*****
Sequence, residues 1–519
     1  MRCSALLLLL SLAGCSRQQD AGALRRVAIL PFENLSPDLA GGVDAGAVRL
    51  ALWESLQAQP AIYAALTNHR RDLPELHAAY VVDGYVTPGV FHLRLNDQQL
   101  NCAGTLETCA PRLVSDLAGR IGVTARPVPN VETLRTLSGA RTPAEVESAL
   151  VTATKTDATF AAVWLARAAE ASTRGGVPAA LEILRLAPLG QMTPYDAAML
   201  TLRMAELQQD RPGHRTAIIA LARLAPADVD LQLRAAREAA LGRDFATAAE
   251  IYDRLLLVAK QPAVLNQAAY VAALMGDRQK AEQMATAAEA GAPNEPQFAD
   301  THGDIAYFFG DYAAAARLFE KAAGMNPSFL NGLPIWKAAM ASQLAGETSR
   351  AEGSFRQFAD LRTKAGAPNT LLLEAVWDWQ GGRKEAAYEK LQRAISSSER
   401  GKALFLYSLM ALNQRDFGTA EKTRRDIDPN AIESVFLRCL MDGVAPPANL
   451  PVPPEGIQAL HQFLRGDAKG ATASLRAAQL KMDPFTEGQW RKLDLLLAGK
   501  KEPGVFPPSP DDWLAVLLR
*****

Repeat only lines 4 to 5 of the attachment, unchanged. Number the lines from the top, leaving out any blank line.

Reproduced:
   101  NCAGTLETCA PRLVSDLAGR IGVTARPVPN VETLRTLSGA RTPAEVESAL
   151  VTATKTDATF AAVWLARAAE ASTRGGVPAA LEILRLAPLG QMTPYDAAML